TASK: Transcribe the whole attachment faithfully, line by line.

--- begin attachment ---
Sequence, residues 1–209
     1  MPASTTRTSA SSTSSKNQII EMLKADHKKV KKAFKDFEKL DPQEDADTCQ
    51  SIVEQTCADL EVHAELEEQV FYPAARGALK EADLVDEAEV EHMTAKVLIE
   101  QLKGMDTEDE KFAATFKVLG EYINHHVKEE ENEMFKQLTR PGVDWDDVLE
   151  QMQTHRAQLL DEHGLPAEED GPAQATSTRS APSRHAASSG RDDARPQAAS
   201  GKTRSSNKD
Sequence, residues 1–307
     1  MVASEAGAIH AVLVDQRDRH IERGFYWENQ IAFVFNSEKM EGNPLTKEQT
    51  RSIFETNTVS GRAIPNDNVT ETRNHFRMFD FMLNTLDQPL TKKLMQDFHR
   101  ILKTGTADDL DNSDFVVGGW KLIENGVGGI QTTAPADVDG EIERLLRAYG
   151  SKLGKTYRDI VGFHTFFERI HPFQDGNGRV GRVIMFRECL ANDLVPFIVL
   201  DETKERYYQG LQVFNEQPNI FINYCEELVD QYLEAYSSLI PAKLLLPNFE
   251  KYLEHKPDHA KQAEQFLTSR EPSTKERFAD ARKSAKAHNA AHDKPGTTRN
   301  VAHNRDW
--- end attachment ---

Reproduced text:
Sequence, residues 1–209
     1  MPASTTRTSA SSTSSKNQII EMLKADHKKV KKAFKDFEKL DPQEDADTCQ
    51  SIVEQTCADL EVHAELEEQV FYPAARGALK EADLVDEAEV EHMTAKVLIE
   101  QLKGMDTEDE KFAATFKVLG EYINHHVKEE ENEMFKQLTR PGVDWDDVLE
   151  QMQTHRAQLL DEHGLPAEED GPAQATSTRS APSRHAASSG RDDARPQAAS
   201  GKTRSSNKD
Sequence, residues 1–307
     1  MVASEAGAIH AVLVDQRDRH IERGFYWENQ IAFVFNSEKM EGNPLTKEQT
    51  RSIFETNTVS GRAIPNDNVT ETRNHFRMFD FMLNTLDQPL TKKLMQDFHR
   101  ILKTGTADDL DNSDFVVGGW KLIENGVGGI QTTAPADVDG EIERLLRAYG
   151  SKLGKTYRDI VGFHTFFERI HPFQDGNGRV GRVIMFRECL ANDLVPFIVL
   201  DETKERYYQG LQVFNEQPNI FINYCEELVD QYLEAYSSLI PAKLLLPNFE
   251  KYLEHKPDHA KQAEQFLTSR EPSTKERFAD ARKSAKAHNA AHDKPGTTRN
   301  VAHNRDW